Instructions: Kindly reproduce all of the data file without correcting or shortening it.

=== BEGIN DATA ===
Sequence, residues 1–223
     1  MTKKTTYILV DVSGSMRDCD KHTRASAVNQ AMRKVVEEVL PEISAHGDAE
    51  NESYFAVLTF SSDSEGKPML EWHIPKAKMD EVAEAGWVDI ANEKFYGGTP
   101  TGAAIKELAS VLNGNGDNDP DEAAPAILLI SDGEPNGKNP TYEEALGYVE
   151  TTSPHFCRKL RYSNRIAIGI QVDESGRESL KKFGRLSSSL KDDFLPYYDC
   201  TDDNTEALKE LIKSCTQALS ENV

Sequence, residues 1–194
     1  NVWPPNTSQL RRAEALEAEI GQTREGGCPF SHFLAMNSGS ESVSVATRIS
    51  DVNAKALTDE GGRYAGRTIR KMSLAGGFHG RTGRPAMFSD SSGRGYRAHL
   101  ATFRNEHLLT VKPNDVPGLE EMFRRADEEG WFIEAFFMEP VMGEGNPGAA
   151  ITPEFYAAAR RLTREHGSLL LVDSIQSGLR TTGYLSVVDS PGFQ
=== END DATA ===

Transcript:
Sequence, residues 1–223
     1  MTKKTTYILV DVSGSMRDCD KHTRASAVNQ AMRKVVEEVL PEISAHGDAE
    51  NESYFAVLTF SSDSEGKPML EWHIPKAKMD EVAEAGWVDI ANEKFYGGTP
   101  TGAAIKELAS VLNGNGDNDP DEAAPAILLI SDGEPNGKNP TYEEALGYVE
   151  TTSPHFCRKL RYSNRIAIGI QVDESGRESL KKFGRLSSSL KDDFLPYYDC
   201  TDDNTEALKE LIKSCTQALS ENV

Sequence, residues 1–194
     1  NVWPPNTSQL RRAEALEAEI GQTREGGCPF SHFLAMNSGS ESVSVATRIS
    51  DVNAKALTDE GGRYAGRTIR KMSLAGGFHG RTGRPAMFSD SSGRGYRAHL
   101  ATFRNEHLLT VKPNDVPGLE EMFRRADEEG WFIEAFFMEP VMGEGNPGAA
   151  ITPEFYAAAR RLTREHGSLL LVDSIQSGLR TTGYLSVVDS PGFQ